It was late in the morning when my Whatsapp beeped with a message which knocked a cold thud in the heart, ’45 year actor Inder Kumar is no more. He suffered an heart attack at his residence in Four Bungalows, Andheri, Mumbai at around 2 am today. He worked in more than 20 films, also few with Salman Khan – Wanted, Tumko Na Bhool Paayenge and many others. These days he was shooting for his next film Phati Paid Hai Yaar.’ (sic)
The news business in today’s time is all about speed. Instead of being humane and deliberating on the death, the immediate reaction is to flash the news. Once the need subsides, consciousness peeps in churning varied emotions of sadness, hollowness and futility of life.
Inder Kumar, I first came across the name when one of my cousin sisters was working in a movie with him, long time back, titled Ek Aur Amar Prem. Of course the flick hit the abyss of oblivion, however, the connect etched a forever memory in my mind.
Later, as fate would have it, I entered the field of entertainment journalism and we got in touch, eventually becoming Facebook friends, liking each other’s picture upload and so on so forth…
His death came as a shocker, as to many of his friends and well wishers. The news evoked confusing multiple emotions in me. I have always found it very baffling to express condolences… what to say at the time of grief, so have always chosen to withdraw, cut the noise and let the moment gnaw into your senses, experiencing the puniness of existence in an otherwise bloated judgemental perceptional world, where everyone is a someone, yet no one.
The harrowing scenes and media madness around Pratyusha Banerjee’s untimely demise also found a new wave of recollect. The dance of death has always been the favourite newsbeat of many.
Inder Kumar’s life had its share of bumpy rides, like everyone else’s. Nothing new about it. However, he got what he always wanted after he breathed his last…nationwide popularity, thus becoming another artist to enter the list of ‘posthumous’.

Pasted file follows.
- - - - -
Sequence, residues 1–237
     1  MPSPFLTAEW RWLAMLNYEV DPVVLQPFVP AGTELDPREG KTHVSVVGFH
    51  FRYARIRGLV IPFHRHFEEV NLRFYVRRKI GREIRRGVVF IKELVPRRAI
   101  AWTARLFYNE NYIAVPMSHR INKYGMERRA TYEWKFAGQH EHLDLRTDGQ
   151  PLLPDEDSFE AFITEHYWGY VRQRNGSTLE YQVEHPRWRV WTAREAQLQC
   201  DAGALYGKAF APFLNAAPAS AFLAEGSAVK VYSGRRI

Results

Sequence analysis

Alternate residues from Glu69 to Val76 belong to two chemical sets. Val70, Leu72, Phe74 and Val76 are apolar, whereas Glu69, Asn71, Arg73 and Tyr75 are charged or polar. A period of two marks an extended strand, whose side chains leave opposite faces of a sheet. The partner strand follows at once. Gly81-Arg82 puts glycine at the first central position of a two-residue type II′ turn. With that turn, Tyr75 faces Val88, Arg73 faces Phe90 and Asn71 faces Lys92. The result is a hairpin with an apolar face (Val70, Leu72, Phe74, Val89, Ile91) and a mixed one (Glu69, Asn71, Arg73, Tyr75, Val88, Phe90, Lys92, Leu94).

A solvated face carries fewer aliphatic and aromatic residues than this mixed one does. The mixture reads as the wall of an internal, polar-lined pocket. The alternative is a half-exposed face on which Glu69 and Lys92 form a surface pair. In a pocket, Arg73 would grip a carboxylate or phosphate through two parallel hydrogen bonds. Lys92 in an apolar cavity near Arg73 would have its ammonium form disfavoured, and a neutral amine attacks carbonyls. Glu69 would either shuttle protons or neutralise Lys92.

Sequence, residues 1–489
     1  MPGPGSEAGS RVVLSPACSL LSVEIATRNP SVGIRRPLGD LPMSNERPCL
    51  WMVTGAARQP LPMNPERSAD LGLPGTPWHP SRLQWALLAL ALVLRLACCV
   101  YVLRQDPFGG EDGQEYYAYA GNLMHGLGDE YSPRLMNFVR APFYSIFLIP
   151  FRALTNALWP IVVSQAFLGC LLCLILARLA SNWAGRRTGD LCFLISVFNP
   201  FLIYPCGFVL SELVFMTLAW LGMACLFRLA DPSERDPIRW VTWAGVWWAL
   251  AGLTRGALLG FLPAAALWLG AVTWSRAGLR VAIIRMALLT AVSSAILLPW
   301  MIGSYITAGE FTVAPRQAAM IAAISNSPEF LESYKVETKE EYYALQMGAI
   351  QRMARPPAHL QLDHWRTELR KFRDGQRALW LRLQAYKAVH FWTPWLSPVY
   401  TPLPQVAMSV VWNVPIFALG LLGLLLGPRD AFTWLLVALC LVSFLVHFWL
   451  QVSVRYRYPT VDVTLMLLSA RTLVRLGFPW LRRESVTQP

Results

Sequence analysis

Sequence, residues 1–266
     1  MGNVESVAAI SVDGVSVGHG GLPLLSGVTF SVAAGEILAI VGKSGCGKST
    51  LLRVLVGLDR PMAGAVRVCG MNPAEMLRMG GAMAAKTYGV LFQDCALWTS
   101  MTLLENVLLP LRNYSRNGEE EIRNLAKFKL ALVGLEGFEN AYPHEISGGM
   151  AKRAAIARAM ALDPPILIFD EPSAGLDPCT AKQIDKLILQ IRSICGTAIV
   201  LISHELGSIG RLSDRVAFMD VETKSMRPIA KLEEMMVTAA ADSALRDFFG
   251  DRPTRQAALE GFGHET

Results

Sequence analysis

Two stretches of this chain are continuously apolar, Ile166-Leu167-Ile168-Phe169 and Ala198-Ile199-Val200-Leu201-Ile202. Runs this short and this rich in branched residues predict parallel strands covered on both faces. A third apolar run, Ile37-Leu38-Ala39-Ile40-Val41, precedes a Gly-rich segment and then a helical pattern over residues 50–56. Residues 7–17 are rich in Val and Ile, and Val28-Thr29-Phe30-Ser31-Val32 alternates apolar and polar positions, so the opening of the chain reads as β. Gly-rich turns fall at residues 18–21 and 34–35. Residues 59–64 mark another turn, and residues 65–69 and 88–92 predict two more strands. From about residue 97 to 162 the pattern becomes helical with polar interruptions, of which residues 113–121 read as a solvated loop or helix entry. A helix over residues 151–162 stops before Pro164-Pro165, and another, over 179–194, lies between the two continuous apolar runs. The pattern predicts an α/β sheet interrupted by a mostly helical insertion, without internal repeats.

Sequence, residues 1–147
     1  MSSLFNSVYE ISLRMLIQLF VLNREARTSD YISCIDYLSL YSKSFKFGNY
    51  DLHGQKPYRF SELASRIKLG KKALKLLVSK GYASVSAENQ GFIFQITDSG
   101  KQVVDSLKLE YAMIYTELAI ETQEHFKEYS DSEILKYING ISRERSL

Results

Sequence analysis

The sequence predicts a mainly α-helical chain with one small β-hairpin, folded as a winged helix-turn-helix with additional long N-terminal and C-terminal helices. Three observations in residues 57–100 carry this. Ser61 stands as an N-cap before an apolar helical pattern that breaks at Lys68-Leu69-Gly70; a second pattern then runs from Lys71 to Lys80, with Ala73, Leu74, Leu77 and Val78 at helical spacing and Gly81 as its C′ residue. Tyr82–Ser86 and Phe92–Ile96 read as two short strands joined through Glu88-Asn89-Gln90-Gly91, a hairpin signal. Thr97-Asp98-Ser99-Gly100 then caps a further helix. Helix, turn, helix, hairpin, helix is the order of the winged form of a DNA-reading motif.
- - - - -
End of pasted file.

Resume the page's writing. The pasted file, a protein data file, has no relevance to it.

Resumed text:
Posthumous, as per Oxford dictionary is ‘occurring, awarded, or appearing after the death of the originator’ and is indeed the most harrowing experience for any artist. One should work hard and taste fame, success in lifetime, though difficult, yet wishful.
Inder’s death gave him popularity and media (mainstream and web) weaved stories one after another. Some sordid (with clickbaity senseless headlines), some dignified…sad but true.
However, if we flip the coin, one may put the argument forward that it’s not necessary that all artists hit Khan-like stardom. Collectively, everyone is contributing to make the performing arts space vibrating and entertaining. To quote a line, “Har shayar mashhoor ho jaye toh shayri ka maza chala jaye”.
The key is to enjoy the craft and live the moment. Everyone, in his or her capacity is popular and successful.
Yet, let the word posthumous not be part of any artist’s life, let success kiss everyone’s forehead in lifetime. And on death, oh dear media brethren, let’s be civil and cordial.
RIP Inder… here’s sending strength to his family.